Pasta 101: A Primer on All Things Pasta
There are 4 big “P’s” in Italian cuisine: Pizza, Prosciutto, Parmesan, and of course Pasta. The tradition of pasta making is one that dates back hundreds of years, and has since evolved into various shapes, sizes, and purposes. As one of the world’s most loved foods, pasta has become a staple for not only those in Italy, but for everyone who enjoys Italian cuisine across the globe.
Although the types of pasta have become as diverse as the people who eat it, the foundations on how it is made have remained the same. Pasta is, first and foremost, shaped from dough. The time-consuming amalgamation of flour and liquid forms a canvas to create something beautiful. The flour gives it the substance, while vigorous and continuous kneading gives the pasta its texture through the development of gluten.
Pasta is also differentiated by the shape, which determines its purpose. It dictates the kind of sauce it gets paired with, whether it can be stuffed, and whether there is a symbolic meaning to it. For example, a Ligurian/Genoese pasta called “Corzetti” is stamped to resemble gold coins during the crusades of the medieval period. Another example is the Sardinian stretched pasta called “Su Filindeu,” which means “threads of God” in the local dialect. The extremely thin and fragile nature of the pasta meant it was only suitable to be eaten in soup, specifically a mutton broth with loads of locally made pecorino.
Lastly, the sauce is secondary, and in Italy is often referred to as a condiment. The paramount importance of the pasta course has never been, and never will be, the sauce. It is only present to elevate the star of the show.
Tube shaped pastas are one of the most recognizable shapes around the world. From Marea’s Garganelli with Tuna Ragu to Penne Marinara from the nearest kids menu, tubed pastas can be found everywhere. These pastas have all the components of a top-notch sauce holder. The tube down the middle and the ridges on the outside were designed to maximize the amount of sauce per bite. These pastas are fine tuned to creamy or cheese based sauces. In fact, one of the most popular versions of “Cacio e Pepe” is finished inside a hollowed-out wheel of Parmesan or Pecorino Romano cheese for a cheesy overdose of pleasure.
Examples: Garganelli, Penne, Rigatoni, Pipe Rigate, Tortiglioni
Ribbons are wide, varying in length, and among the most rustic of pasta shapes around Italy. These pastas tend to be on the thicker side to maintain texture and integrity when complemented with meatier and richer sauces such as a ragu, bolognese, or any other sauce based on braised meat and/or dairy.
Examples: Pappardelle, Tagliatelle, Mafalda, Fettucine
Rod shaped pastas are among the most accessible and well recognized. These pastas are complemented with all kinds of sauce, but are more suited for a lighter and simpler sauce, such as “Aglio e Olio,” (garlic and oil), or “Cacio e Pepe,” (cheese and pepper). Without ridges like tubed pastas, and without the width of ribbon pastas, rod shaped pastas tend to hold less sauce than other shapes.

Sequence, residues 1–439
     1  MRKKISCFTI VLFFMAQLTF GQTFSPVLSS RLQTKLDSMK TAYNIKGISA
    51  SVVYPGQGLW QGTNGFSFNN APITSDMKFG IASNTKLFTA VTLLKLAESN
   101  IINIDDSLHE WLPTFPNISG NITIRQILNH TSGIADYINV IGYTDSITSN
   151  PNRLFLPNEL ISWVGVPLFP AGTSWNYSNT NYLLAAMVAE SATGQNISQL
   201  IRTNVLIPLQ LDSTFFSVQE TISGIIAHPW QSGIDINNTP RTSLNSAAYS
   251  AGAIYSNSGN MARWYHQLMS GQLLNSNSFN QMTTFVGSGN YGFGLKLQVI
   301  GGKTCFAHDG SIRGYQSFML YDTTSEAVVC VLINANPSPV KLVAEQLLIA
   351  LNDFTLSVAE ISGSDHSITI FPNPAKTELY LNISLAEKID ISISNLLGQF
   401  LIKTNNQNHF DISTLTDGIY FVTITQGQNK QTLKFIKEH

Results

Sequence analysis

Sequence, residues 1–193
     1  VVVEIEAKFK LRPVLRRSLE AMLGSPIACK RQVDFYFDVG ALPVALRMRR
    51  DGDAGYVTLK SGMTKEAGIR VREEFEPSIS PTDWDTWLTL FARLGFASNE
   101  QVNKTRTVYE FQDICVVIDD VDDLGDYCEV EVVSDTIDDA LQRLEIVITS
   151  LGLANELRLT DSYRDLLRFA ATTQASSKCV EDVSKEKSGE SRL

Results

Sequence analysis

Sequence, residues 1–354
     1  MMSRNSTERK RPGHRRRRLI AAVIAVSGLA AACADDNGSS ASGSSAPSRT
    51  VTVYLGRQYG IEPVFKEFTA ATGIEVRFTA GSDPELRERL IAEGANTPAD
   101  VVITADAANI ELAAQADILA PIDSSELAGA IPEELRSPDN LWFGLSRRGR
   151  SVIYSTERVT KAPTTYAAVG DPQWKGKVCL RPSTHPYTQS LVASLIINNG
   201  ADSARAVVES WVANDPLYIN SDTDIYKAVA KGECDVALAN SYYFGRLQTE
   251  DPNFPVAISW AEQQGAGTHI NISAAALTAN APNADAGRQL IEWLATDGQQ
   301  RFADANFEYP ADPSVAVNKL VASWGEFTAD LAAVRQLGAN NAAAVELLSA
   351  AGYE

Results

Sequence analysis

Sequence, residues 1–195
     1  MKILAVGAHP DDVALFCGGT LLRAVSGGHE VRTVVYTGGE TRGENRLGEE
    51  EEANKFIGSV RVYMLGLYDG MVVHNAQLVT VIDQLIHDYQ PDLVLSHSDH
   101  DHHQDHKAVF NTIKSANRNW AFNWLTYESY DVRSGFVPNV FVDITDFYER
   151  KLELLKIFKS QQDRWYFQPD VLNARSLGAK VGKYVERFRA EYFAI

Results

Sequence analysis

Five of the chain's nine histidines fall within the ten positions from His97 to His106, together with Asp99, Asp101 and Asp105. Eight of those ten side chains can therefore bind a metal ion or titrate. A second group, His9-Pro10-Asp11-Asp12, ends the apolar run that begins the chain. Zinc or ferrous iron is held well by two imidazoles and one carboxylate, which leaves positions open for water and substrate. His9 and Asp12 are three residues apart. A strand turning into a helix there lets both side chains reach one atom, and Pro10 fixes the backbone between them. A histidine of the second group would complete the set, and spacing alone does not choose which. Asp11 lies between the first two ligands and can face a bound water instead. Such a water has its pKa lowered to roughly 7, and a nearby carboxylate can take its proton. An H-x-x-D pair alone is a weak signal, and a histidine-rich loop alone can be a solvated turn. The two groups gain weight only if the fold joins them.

Examples: Thick and Thin Spaghetti, Linguine, Taglierini, Maccheroni alla Chittara, Pici
Stuffed pastas are much loved among all pasta enthusiasts, but especially children. Often stuffed with cheese and meat based fillings, their rich and decadent nature requires a lighter sauce that doesn’t overpower the characteristics of the pasta itself. A light tomato sauce made from good quality tomato passata or simply topped with brown butter, sage, and cheese should suffice. One of the more luxurious versions of stuffed pasta is a Raviolo filled with spinach, ricotta, and an egg yolk, which creates its own sauce from the runny egg yolk when pierced. Italians commonly eat stuffed pastas on special occasions.
Examples: Ravioli, Raviolo, Tortellini, Cappelletti, Conchiglie, Manicotti, Agnolotti
Not the most fortunate of names, but among the most fortunate of creations. In fact, one of the main pastas in this group is called “Orecchiette”, or “Little Ears” in Italian. These little nubs of pasta exhibit cracks and crevices which are suitable for holding richer and more decadent sauces. Unlike other pastas, which stem from the shaping of a pasta sheet, or “Sfoglia,” these kinds of pasta are often formed into a stick and shaped with a knife, gnocchi board, or simply one’s thumb. Braised meat sauces such as ragus were destined to be with pastas of this shape. A common practice in Italy is to braise meat and separate it from the sauce. The pasta is tossed with the braising liquid and served as one course, and the meat is served as another.
Examples: Orecchiette, Cavatelli, Radiatori, Quadrefiori
There are hundreds of different kinds of pastas to explore with roots in every region of Italy. This guide barely scratches the surface of a multi-century old tradition that has since blossomed into an everyday food. The combination of shapes and sauces in Italian cuisine are endless in possibility with more and more being developed each generation. To some, these intricate, and sometimes flamboyant shapes may be an overkill. However, the shapes of the pastas have always served one purpose; to create the harmonious matrimony of sauce and pasta. It is this amazing phenomenon, that has ensured the survival and expansion of pasta culture around the world.